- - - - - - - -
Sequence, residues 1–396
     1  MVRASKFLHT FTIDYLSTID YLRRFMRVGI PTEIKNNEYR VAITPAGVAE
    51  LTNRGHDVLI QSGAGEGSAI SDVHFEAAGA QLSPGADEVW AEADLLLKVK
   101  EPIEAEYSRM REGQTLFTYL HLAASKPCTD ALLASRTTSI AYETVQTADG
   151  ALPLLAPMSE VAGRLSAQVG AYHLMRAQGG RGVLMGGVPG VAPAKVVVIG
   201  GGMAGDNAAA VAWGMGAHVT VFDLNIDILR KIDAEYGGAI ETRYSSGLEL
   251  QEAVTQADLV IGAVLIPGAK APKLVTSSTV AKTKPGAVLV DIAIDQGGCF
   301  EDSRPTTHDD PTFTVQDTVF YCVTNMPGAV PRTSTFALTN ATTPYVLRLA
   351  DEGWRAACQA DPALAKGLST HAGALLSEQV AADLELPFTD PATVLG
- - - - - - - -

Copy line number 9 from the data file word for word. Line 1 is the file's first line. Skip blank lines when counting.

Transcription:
   351  DEGWRAACQA DPALAKGLST HAGALLSEQV AADLELPFTD PATVLG